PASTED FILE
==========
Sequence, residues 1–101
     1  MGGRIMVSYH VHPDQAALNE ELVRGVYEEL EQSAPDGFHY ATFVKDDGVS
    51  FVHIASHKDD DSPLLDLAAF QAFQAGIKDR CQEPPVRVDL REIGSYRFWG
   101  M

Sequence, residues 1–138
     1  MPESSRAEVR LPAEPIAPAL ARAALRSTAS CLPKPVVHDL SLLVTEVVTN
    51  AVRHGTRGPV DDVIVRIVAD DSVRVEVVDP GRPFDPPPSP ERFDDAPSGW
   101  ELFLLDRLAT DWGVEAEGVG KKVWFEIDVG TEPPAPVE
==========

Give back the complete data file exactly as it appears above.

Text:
Sequence, residues 1–101
     1  MGGRIMVSYH VHPDQAALNE ELVRGVYEEL EQSAPDGFHY ATFVKDDGVS
    51  FVHIASHKDD DSPLLDLAAF QAFQAGIKDR CQEPPVRVDL REIGSYRFWG
   101  M

Sequence, residues 1–138
     1  MPESSRAEVR LPAEPIAPAL ARAALRSTAS CLPKPVVHDL SLLVTEVVTN
    51  AVRHGTRGPV DDVIVRIVAD DSVRVEVVDP GRPFDPPPSP ERFDDAPSGW
   101  ELFLLDRLAT DWGVEAEGVG KKVWFEIDVG TEPPAPVE